As has already been suggested, I would trade the digital meter in for an analog meter. There is a difference in the test tones used on the well known calibration discs and the tones generated by your Denon receiver. I think this has been covered already too, but the test discs use a narrower band of pink noise (which I think is technically referred to a "white noise") that is more accurate for level matching the speakers than the receivers pink noise generator. I've experienced this first hand. The advice to either use a tripod or position yourself behind the listening area is good too. You should also point the meter in the direction of the center channel speaker but angled upward about 45 degrees. Then with all of your speaker levels set at "zero", turn the receiver's volume up until it reads -0db (this is essentially full volume); many Denon product set the volume at this level automatically once the internal tone generator has been activated. Start the test tone sequence on the calibration DVD and adjust the speaker levels so that each speaker reads 75db from your listening position. It shouldn't surprise you that they will not all be the same. In theory, setting the system up this way allows you to set your volume at -0db to a have a reference level for playback, but you may find that this volume setting is much too loud to make the adjustments for a 75db reference. That's okay. You can just decide on a lower volume setting to achieve this reference level but try to make it something that is easy to remember such as -20db or -15db. Once you have all of your speakers calibrated so that they are each reading 75db per SPL at this volume, you are done. It is a good idea to find a balance between the receiver's volume setting and the calibration levels so that at this volume they read as close to "zero" as possible. As one person suggested, adjusting the volume so that the left front main speaker reads 75db when set at "zero" is probably a good place to start. This just gives you wiggle room to adjust the rest of the speakers up or down as needed. Hope this helps, good luck.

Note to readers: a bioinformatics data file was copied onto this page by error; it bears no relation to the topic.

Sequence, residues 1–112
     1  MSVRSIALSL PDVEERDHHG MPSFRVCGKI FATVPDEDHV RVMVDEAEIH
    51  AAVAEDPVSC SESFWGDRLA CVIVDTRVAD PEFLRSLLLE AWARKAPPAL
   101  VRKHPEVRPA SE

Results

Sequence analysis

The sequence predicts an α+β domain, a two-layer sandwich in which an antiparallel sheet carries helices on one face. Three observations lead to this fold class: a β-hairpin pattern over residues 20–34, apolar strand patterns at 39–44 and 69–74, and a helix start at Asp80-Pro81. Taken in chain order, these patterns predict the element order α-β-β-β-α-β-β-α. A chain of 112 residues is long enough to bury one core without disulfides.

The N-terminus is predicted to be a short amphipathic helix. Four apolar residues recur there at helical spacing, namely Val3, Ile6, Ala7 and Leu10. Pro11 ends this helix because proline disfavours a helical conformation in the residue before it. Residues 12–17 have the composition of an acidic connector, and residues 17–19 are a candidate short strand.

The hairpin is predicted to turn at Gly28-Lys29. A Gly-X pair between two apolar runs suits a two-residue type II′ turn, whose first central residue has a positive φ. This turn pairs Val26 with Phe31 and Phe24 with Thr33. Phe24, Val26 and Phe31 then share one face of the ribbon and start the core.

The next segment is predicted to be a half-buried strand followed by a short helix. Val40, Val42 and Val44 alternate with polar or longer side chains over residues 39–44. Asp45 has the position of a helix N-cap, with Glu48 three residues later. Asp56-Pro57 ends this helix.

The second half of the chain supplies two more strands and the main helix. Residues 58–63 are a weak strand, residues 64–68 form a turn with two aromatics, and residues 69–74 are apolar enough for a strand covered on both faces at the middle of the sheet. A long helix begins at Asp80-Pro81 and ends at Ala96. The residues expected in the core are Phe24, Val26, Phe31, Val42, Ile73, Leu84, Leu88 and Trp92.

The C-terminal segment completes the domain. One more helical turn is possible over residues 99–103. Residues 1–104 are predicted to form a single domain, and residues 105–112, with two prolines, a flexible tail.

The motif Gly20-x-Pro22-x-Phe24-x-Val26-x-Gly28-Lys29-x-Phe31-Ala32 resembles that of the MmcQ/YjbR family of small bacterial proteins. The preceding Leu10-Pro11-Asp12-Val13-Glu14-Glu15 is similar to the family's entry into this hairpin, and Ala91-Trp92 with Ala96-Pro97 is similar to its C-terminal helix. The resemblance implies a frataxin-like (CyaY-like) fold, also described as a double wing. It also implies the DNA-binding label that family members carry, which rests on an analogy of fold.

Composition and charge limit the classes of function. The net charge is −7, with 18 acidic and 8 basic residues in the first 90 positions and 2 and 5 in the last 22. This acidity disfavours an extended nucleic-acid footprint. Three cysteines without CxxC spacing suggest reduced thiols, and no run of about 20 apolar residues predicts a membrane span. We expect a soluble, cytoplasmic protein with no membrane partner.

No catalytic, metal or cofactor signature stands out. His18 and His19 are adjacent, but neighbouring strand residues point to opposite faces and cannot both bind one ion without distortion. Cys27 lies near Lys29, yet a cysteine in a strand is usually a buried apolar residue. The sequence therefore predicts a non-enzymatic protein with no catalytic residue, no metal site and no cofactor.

Q

  10. #10
    IRG
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    Thanks...

    Quote Originally Posted by toenail